A degree in criminal justice from an Associate’s to a Master’s can be your gateway into law enforcement. In addition to your degree is the asset of being bilingual. Foreign-language skills often come in handy on the job and they might be the key to getting hired. Particularly in metropolitan areas that have a significant percentage of Hispanic residents. For examples, the population in Los Angeles is 45% Hispanic; New York is 24%; Miami is 43%; San Antonio is 56%, and El Paso is 81%. In order to communicate with the community as a police officer, it requires fluency in Spanish. However, city, county, and state police departments are not the only place where a second language will benefit your career.
In order to do their jobs effectively and safely, sworn and civilian law enforcement personnel must be able to communicate with the people they serve—including the growing number of immigrant communities that do not speak English well.
“Recognizing the need to improve communication and interaction with limited English proficient individuals is among the next steps in advancing community policing. By developing and implementing a language access plan, law enforcement agencies will be able to strengthen their police–community relations, increase trust, and be better positioned to address public safety problems.” U.S. Department of Justice 2005
Foreign-language skills come in handy across law enforcement, from metropolitan and state forces to federal agencies, where, unlike at the state and local level, fluency alone can get you a job in homeland security, drug enforcement, and other areas.
Federal Bureau of Investigation
The FBI relies on foreign language capabilities to quickly and accurately inform operations and its executives. The success of the FBI’s mission is dependent upon high-quality language services and the ability to translate and analyze information in a timely manner. Language Services Section (LSS) is responsible for the organization’s entire Foreign Language Program. LSS supports the FBI’s mission by providing quality language services to the FBI, law enforcement communities, and the Intelligence Community (IC) as a whole. The FBI currently employs almost 1,400 linguists who provide critical services at 114 offices in the United States and abroad.
Drug Enforcement Agency
The DEA has stringent hiring requirements. To become a DEA agent, an applicant must be a US citizen, in excellent physical shape, have excellent hearing and vision, and be between the ages of 21 and 36. Applicants must have the minimum of a bachelor’s degree or specific law enforcement experience. The agency prefers individuals with drug-related law enforcement experience and special skills such as piloting, accounting, engineering, or fluency in a foreign language.
Much of the DEA’s success is increasingly dependent on the rapid and thorough understanding of languages other than English. The DEA requires highly-skilled analytic linguists (linguists) to perform language-related services, including analysis, monitoring, transcription, translation, and interpretation (Office of the Inspector General January 2018).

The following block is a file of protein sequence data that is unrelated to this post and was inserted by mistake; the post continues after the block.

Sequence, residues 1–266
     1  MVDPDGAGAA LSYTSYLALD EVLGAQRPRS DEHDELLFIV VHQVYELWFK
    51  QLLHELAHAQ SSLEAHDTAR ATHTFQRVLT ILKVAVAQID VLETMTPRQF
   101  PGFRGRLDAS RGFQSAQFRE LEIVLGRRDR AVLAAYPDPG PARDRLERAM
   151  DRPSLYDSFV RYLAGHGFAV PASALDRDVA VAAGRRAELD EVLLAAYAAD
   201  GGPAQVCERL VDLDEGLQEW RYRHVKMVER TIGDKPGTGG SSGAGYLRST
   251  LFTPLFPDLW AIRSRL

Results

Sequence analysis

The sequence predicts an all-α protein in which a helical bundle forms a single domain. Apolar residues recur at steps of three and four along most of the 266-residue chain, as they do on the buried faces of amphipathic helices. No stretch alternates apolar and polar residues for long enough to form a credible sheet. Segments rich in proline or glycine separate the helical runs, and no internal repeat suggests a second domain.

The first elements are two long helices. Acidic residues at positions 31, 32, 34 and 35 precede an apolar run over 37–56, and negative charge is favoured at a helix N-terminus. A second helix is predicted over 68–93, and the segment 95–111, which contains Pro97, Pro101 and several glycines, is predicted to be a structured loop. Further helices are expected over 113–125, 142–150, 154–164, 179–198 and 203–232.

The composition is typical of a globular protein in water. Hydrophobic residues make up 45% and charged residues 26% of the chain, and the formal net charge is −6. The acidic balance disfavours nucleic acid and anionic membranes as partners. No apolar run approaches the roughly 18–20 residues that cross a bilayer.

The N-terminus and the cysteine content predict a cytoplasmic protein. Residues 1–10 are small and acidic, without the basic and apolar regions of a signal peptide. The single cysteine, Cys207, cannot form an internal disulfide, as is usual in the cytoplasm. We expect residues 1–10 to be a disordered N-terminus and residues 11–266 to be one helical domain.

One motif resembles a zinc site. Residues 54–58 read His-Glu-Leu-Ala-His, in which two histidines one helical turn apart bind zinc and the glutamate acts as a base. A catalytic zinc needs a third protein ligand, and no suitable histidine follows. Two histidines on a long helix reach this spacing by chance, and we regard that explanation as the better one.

Fluency may result from formal training, cultural background or job-related requirements which require the ability to use foreign languages. Principal language skills include knowledge of Spanish, French, Russian, Arabic, Hebrew, dialects of Nigerian languages, Chinese, Mandarin or Japanese.
Central Intelligence Agency
The ability to speak, read, and translate foreign languages, in addition to understanding cultural differences, is vital to the mission of the CIA. Intelligence priorities can shift globally, causing different countries and languages to gain importance rapidly. The CIA needs employees with foreign language skills to handle both current national security requirements and potentially new missions.
Their Foreign Language Incentive Program addresses the demand for agents with fluency in foreign languages. Language Proficiency Hiring Bonuses are paid to new employees who meet the minimum proficiency requirements from a qualifying list of languages, work in a language-designated occupation and sign a continued service agreement with the CIA. The amount of the bonus is based on criteria set by the CIA. New employees can qualify for this hiring bonus in more than one language. New employees may qualify for this hiring bonus in more than one language, with $5,000 awarded per language.
Crime occurs in all languages, and an ability to communicate with people who speak other languages is an asset to police officers and federal agents. Speaking a foreign language well can open the doors to more advanced and higher paying jobs in law enforcement. With the exception of some jobs in federal crime agencies, Spanish is the most useful language. Arabic is one of the most useful languages for a job in homeland security, particularly because of the conflicts in the Middle East.
Additionally, Chinese remains a language of incredible interest for homeland security, partially because there are so many Chinese students and business people who live and work in America. Learning to speak Mandarin is useful to the government because the intelligence community needs help deciphering business and personal habits of Chinese officials.